Searching encoded strings in SQL Server 2000?

by Michael S. Kaplan, published on 2005/10/13 14:45 -04:00, original URI:

A guy named Michael (who is not me) asked the following question in the Suggestion Box:

Is it possible to search an NVARCHAR column containing string data encoded in a number of different encoding types?

I'm dealing with iso-8859-15, big5, utf-8, iso-8859-1, us-ascii encoding types and need to search the strings for keywords using either full-text indexing or the LIKE clause.

The quick answer is no.

The slightly less quick answer is that there is no way to really store text in a way that is telling a lie about what it is encoded with and then search it in those muliple forms.

Now I am not advocating this issue for moral reasons (though it is strangely compelling to me to be able to claim that my code is honest!).

SQL Server does have the ability in its non-Unicode data types to store data in different encodings and have SQL Server properly search across them. As a rule you do not ever want to lie about the encoding because SQL Server uses that as a hint on how it can use the data and what can be done with it. It is definitely one way to approach the desire to stire data in different encodings (the better way would be to store the data in Unicode and then convert any time you have to communicate with legacy systems that do not understand Unicode....


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# Jerry Pisk on 13 Oct 2005 3:28 PM:

Isn't NVARCHAR Unicode string data? Regardless of how it's encoded internally you should only put valid Unicode strings to it (mapping from whatever your source character set is to Unicode). How it's encoded inside of MSSQL should not matter, should it?

# Michael S. Kaplan on 13 Oct 2005 3:35 PM:

Hi Jerry -- you are right. Only Unicode data should be there. Internals matter since nothing can contain all that Unicode does.

# Maurits [MSFT] on 13 Oct 2005 6:04 PM:

nvarchar is always UTF-16, right?
And varchar encoding is determined by the collation options for the server, database, table, or column (level of granularity differing by SQL Server version)?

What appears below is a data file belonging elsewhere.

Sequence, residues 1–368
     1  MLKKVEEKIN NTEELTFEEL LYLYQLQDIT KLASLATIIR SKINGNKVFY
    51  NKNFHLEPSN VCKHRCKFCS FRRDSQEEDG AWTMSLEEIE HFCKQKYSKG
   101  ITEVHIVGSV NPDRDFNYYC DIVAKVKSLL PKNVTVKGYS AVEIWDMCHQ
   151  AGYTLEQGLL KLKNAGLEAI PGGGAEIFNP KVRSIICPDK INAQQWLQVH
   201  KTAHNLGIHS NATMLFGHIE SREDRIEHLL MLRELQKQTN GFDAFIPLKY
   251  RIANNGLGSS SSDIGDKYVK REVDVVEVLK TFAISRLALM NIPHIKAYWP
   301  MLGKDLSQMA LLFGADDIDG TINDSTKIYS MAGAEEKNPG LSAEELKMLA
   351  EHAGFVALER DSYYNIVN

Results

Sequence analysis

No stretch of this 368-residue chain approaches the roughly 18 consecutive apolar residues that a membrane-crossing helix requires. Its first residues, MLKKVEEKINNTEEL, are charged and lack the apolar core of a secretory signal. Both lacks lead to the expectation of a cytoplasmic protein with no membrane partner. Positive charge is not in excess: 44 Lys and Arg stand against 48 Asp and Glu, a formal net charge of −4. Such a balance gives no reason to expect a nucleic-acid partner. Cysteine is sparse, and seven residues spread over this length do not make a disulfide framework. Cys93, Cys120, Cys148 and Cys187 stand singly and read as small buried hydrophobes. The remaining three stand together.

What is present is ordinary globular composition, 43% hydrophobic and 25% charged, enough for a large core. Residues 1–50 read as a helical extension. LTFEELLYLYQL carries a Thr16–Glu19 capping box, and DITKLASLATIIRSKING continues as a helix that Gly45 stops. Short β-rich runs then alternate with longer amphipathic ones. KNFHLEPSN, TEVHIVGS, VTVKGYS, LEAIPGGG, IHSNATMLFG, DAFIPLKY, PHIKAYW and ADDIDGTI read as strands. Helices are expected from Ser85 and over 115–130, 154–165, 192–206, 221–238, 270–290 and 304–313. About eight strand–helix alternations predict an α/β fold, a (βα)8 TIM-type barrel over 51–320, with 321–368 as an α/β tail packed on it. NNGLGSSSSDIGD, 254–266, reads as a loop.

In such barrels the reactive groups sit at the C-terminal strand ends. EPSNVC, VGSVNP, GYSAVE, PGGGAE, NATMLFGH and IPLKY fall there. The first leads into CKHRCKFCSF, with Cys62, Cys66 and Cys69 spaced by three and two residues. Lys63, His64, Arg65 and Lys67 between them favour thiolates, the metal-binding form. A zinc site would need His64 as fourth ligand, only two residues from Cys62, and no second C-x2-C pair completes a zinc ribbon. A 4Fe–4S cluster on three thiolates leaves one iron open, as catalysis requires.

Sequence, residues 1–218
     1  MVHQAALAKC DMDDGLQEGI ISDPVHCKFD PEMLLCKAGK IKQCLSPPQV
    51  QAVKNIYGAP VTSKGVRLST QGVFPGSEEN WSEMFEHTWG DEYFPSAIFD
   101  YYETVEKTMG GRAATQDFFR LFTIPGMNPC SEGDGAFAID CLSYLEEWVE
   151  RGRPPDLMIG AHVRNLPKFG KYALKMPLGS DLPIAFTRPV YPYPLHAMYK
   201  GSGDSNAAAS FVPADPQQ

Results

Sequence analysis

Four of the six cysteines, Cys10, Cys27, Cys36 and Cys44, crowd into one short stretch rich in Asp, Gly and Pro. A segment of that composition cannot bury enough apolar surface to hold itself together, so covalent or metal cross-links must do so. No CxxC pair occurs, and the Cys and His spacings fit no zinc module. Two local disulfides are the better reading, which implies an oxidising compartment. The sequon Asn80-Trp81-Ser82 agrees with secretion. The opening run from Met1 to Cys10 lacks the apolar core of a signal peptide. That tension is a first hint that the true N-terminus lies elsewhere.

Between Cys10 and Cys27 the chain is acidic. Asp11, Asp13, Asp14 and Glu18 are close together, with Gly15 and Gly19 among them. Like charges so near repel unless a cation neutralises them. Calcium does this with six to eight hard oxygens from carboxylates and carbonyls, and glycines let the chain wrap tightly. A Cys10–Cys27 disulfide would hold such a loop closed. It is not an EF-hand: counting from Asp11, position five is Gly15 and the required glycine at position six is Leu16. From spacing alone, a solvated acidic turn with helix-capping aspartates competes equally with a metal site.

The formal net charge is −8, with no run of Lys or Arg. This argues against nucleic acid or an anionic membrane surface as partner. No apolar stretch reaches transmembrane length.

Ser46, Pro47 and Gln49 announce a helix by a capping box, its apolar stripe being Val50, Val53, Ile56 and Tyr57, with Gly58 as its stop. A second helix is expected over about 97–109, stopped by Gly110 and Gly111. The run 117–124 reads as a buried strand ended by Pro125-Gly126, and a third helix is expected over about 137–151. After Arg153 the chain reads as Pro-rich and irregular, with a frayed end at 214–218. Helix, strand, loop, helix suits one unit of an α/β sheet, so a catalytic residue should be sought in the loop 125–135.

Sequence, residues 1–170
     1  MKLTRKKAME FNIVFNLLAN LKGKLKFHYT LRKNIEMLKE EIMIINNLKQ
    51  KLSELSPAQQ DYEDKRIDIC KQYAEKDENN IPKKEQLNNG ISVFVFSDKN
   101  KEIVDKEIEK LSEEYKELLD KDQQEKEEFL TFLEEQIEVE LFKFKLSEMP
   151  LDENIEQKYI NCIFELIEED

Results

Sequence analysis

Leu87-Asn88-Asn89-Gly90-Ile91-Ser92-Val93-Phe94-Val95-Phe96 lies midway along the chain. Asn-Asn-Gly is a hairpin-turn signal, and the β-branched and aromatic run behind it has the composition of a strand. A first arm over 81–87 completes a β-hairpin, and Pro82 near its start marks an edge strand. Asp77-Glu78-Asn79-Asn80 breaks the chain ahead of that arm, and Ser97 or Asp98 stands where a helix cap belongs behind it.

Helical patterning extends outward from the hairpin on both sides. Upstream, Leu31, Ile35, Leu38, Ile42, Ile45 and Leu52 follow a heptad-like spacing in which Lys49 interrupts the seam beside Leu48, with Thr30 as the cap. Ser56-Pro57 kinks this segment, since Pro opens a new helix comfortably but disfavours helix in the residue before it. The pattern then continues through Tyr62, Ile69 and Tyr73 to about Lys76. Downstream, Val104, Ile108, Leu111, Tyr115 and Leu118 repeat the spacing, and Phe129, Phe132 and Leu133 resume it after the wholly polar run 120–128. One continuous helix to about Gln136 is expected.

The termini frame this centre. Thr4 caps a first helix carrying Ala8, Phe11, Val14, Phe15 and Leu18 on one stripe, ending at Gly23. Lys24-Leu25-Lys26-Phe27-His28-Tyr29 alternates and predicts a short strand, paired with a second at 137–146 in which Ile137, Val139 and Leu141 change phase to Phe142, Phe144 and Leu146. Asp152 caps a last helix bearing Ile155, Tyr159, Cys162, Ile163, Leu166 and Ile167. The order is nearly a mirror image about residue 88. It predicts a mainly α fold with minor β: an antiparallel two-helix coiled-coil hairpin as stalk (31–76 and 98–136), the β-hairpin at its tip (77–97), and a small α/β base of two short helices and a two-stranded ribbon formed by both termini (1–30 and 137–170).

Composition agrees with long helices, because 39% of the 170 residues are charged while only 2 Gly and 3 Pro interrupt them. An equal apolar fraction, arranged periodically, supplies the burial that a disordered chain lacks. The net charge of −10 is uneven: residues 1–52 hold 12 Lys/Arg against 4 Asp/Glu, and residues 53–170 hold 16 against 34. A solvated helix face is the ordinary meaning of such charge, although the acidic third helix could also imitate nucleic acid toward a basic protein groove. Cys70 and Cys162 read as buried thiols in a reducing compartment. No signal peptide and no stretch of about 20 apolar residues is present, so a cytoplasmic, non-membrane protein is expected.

But if you want to store /different encodings/ in a /single column/, you'd have to use varbinary...

For example:

CREATE TABLE InternationalTextExample

UnicodeText nvarchar(200),
LocalEncodedText varbinary(200),
LocalEncodingScheme varchar(10)

The UnicodeText would be LIKEable and full-text-indexable, sure...

But is there a SQL expression I could use to convert the LocalEncodedText to nvarchar using the LocalEncodingScheme? I've been digging through CAST() and CONVERT() and COLLATE documentation, but I can't quite see it.

I suppose another method would be to use
CREATE TABLE InternationalTextExample2

UnicodeText nvarchar(200),
KoreanText varchar(200) COLLATE Korean_Wansung_CI_AS,
Latin1Text varchar(200) COLLATE SQL_Latin1_General_Cp1_CI_AI

and store equivalent forms on a "best effort" basis.

# Jerry Pisk on 14 Oct 2005 2:03 PM:

You do not have to use varbinary, you can still use nvarchar and lie about what characters are in there. For example, you put the yen character in as U+005C (as it is in 932) instead of the correct u+00a5 at the same time another row would have a character U+005C that actually means the won sign (in 949). SQL Server will think that you're putting in the "whack" in both cases. I think the original question was about this kind of shenanigans, how to search the string data when it's not actually Unicode.

# Michael S. Kaplan on 14 Oct 2005 3:37 PM:

Jerry, you really need to avoid that, as there are countless ways that this type of methodology can destroy data. I highly recommend NEVER LYING ABOUT AN ENCODING.

If you ignore this and later on are hurt by your decision, be sure to rememer who tried to warn you!

# Maurits [MSFT] on 16 Oct 2005 9:22 AM:

(Sung to the tune of The Bells of Notre Dame)

You can lie to yourself and your server...
You can claim that you haven't a qualm.
But you never can run from,
Nor hide what you've done from
The Eyes...
The very Eyes of Unicode!

# Jerry Pisk on 17 Oct 2005 12:15 PM:

Michael, I would personally never do anything like that, I was just trying to guess what the original question was about. I go through a lot of trouble to find out the actual encoding, recently I was dealing with mainframe produced data that was being sent in what was described as ASCII. It took me a long time (weeks) to convince the mainframe folks that ASCII only defines the 7-bit characters and that the rest is in a code page and about a week after that to find out what that code page was. Of course I had management on my back the whole time because to them I was just delaying our project becuase of something that was not important…

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